Ink formulations, meeting the above requirements comprise 5-25% of a glycol with low vapor pressure (<1 mm ambient,) and high polarity (Hildebrand solubility parameter>9) such as tripropylene glycol, triethylene glycol and tetraethylene glycol, 15-35% of one or more low molecular weight non ionic surfactants with a molecular weight<2000, viscosity<100 cps and an HLB of 3-15, such as oleyl, lauryl, and tridecyl and decyl alcohol ethoxylates, and polyoxyethylene fatty esters with various numbers of ethoxyl groups, preferably 1-12% of a non ionic surfactant with a viscosity of>200 cps and with an HLB between 4 and 15 which acts as a thickener and emulsifier, such as ethoxylated nonylphenol with various numbers of ethoxyl, 3-5% non volatile, polar solvent having a viscosity of<10 cps, a boiling point >230° C. and being inert to rubber which acts as a thinner or viscosity modifier such as propylene carbonate, texanol and 0.1-0.3% silicone glycol copolymer additive for reduced tack properties and reduced surface tension. Such reduced surface tension is effective for wetting homogeneously metallic printing elements such a chrome plated metals. Fluorescent toners are added to the above that are a mixture of red and yellow fluorescent dyes and resins in the concentration of between 20 to 50%. The dye concentration used for toning, such as Solvent Red 49 and CI Solvent Violet 24, should be between 0.03 to 5% of the total composition. All percentages in the specification, including the claims, are in weight percent. The composition should also include less than 0.1% non fluorescent dye.
Examples of such formulation are as follows:
______________________________________ ApproximateIngredients Manufacturer wt % not 100%______________________________________Triazine modified Day Glow 35.0sulphonamide resinC.I. Basic Red #1 BASF 1.0Basonyl Red 482C.I. Basic Violet #11 BASF .2Basonyl Red 560C.I. Solvent 135 Day Glow .3Alberta YellowC.I. Solvent Yellow 60:1 Day Glow 1.0Potomac YellowC.I. Solvent Violet 24 Ciba Geigy .012Orasol Violet RNPropylene Carbonate Aldrich 4.0Oleyl alcohol ethoxylate Amerochol 24.3Ameroxol OE-5and OE-10Polyoxyethylene fatty ICI 14ester G2109Hexylene Glycol Aldrich 5Tridecyl alcohol BASF 10ethoxylate IconolTDA-3Tetraethylene glycol Aldrich 5______________________________________Properties of The Final Ink______________________________________Viscosity at 25° C. 1000 ± 30 cpsSurface tension at 25° C. 37 dynes/cmWater absorption at 29° C., 95% RH 2%(5 hrs)Volume swell of polybutadiene 9.4%acrylonitrile rubber at 70° C., 72 hrs.(ASTM 471-79)PMU (phosphor meter units) of drawdown 160Fluorescence Emission at excitation of 254 nm 600 nmPMU of printer print on STD PB envelope 40CIE color parametersL*, a*, b* measured with ACS system are63.46, 55.13, 27.65 respectively______________________________________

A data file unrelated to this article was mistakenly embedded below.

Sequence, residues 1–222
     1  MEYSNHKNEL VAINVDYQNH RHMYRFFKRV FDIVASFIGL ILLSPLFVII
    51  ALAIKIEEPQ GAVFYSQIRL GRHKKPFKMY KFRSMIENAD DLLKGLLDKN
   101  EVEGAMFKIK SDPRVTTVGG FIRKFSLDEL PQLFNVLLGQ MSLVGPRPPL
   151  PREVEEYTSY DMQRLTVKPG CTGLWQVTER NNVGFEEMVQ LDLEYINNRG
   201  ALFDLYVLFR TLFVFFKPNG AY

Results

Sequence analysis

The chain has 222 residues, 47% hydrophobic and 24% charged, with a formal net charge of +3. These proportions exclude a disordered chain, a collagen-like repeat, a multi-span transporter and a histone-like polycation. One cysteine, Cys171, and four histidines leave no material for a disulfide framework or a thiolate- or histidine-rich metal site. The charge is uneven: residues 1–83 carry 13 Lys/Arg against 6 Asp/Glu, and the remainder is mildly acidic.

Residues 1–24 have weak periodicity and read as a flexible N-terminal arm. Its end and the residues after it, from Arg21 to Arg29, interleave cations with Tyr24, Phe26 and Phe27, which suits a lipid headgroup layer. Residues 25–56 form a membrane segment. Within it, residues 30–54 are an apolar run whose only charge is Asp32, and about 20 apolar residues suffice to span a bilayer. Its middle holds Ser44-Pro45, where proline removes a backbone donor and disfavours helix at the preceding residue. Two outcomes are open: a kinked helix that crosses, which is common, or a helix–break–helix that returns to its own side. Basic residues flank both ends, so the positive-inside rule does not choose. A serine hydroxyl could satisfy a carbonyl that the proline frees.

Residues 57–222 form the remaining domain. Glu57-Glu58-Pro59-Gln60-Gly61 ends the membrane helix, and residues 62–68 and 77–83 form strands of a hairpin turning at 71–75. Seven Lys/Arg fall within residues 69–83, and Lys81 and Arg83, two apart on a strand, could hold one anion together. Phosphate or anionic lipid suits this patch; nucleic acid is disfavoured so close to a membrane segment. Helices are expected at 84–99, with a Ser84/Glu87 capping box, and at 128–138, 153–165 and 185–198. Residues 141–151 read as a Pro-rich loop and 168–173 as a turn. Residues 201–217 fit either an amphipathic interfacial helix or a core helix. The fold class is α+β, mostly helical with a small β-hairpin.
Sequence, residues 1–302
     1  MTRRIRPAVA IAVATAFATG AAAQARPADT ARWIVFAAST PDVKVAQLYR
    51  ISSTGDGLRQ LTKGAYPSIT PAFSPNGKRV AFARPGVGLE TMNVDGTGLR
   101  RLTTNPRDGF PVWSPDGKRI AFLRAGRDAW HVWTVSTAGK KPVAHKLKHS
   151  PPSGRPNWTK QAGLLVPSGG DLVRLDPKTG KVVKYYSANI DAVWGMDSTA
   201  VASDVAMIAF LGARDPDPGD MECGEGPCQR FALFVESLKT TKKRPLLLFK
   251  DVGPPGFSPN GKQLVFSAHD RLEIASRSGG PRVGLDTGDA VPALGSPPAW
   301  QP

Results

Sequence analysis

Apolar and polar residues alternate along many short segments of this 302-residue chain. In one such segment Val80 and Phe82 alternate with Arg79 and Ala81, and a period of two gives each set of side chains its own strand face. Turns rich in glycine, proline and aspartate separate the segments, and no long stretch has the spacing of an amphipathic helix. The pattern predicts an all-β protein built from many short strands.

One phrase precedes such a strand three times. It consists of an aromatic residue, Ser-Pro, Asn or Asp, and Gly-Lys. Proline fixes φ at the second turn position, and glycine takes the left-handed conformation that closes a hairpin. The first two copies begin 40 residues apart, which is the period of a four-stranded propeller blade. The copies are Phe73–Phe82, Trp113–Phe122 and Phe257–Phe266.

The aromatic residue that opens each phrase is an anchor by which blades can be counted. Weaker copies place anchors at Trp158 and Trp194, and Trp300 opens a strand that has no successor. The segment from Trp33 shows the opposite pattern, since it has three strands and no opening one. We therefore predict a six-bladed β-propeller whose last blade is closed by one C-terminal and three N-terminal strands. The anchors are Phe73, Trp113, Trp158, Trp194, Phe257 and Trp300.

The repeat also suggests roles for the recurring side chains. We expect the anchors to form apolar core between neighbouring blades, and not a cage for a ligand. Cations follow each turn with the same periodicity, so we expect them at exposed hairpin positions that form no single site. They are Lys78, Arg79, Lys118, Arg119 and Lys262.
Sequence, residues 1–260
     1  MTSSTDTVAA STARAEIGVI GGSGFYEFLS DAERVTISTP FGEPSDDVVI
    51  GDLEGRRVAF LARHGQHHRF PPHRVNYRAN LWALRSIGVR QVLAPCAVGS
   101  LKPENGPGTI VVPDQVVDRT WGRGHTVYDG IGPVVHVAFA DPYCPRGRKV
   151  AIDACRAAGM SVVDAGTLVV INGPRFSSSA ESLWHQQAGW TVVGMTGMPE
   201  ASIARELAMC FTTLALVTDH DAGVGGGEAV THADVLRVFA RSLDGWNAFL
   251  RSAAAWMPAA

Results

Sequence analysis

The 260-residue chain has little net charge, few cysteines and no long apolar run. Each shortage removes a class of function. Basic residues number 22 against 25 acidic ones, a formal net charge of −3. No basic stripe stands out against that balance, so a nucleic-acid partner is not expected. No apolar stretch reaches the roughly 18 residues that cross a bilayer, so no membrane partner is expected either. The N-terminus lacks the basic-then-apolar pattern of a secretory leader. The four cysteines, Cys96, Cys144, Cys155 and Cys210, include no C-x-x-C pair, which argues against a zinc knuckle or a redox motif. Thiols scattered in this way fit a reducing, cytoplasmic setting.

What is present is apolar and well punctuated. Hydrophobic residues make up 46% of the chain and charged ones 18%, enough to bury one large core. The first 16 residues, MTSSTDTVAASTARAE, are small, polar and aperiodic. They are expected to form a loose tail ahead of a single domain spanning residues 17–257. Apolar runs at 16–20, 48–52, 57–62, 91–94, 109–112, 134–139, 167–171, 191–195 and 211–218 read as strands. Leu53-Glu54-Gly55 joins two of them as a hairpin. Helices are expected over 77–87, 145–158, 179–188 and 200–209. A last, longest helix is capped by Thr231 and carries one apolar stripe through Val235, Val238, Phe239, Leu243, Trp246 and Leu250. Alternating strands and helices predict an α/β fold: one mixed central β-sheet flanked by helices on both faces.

Same toner and dyes as the first example
______________________________________Polyoxyethylene fatty ester ICI 35G 2109TPG (Tripropyleneglycol) Aldrich 11TEEG (Tetraethyleneglycol) " 11PC " 4Igepal 530 " 3______________________________________Properties of the Ink______________________________________Viscosity at 25° C. 1050 cpsSurface tension at 25° C. 37 dynes/cmVolume swell of rubber (same conditions and 10rubber as ex. 1)Water absorption at 29° C., 95% RH 7%after 5 hrsSame fluorescence and color as ex. 1Weight loss after 120 hrs at 60° C. <3%______________________________________
Same formulation as 2
______________________________________Additional Silicone glycol Dow Corning .2%Additive 57______________________________________
All the properties are the same as ex. 2 but the surface tension is 30 dynes/cm.
______________________________________Polyester resin Day Glow 20%C.I. Basic Red 1 BASF 2.0(Basonyl Red 482)C.I. Solvent 135 Day Glow .5%Alberta YellowC.I. Solvent Yellow 60:1 Day Glow 3.0Potomac YellowC.I Solvent Red 49 BASF .2Neptun Red 543PC Propyl. Carbonate Aldrich 4Polyoxyethylene fatty ester ICI 26G 2109Tripropylene Glycol Aldrich 10Oleyl alcohol ethoxylate Amerochol 22Ameroxol OE-5Nonylphenoxy polyethyleneoxy GAF .5ethanol Igepal CO 210Igepal CO 530 GAF .5Block copolymer of polypropylene BASF 4oxide and ethylene oxidePluronic L-43Pluronic 17R4 BASF 4Tetronic 304 BASF 4Tetra functional block copolymersof ethylene oxide polypropyleneoxideand ethylene diamine.______________________________________Ink properties______________________________________Viscosity at 25° C. 770 cpsWater absorption at 29° C., 10%95% RH after 18 hoursViscosity at 25° C. 1600 cpsWater absorption after 24 hours at 16.4%29° C., 95% RHAll the other properties are similar to theprevious inks.______________________________________
______________________________________Triazine formaldehyde Day Glow 31.0modified with sulphonamide resinC.I. Basic Red #1 BASF 1.5Basonyl Red 482C.I. Solvent 135 Day Glow .3Albert YellowC.I. Solvent Yellow 60:1 Day Glow 1.0Potomac YellowC.I. Solvent Red 49 BASF .2Neptune Red 543C.I. Solvent 24 CIBA GEIGY .012Orasol RNPropylene Carbonate Aldrich 4.0Oleyl alcohol ethoxylateAmeroxol OE-5 Amerochol 17.5Polyoxyethylene fatty ester ICI 25Decyl alcohol ethoxylate ICI 10Synthrapol KBTripropylene glycol Aldrich 5Polyproplylene glycol BASF 5Pluracol P 425______________________________________Properties of the ink______________________________________Viscosity at 25° C. 770 cpsWater absorption after 20 hours at 29° C., 95% RH 10%______________________________________
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|U.S. Classification||524/267, 106/31.15, 524/377|
|International Classification||C09D11/00, C09D11/02, C09D11/10|
|Jan 7, 1991||AS||Assignment|
Owner name: PITNEY BOWES INC., WORLD HEADQUARTERS, STAMFORD, C
Free format text: ASSIGNMENT OF ASSIGNORS INTEREST.;ASSIGNORS:AUSLANDER, JUDITH;HOCHWALT, NORMAN C.;SARADA, THJAGARAJ;REEL/FRAME:005571/0293;SIGNING DATES FROM 19901219 TO 19910102
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|Nov 20, 2003||SULP||Surcharge for late payment|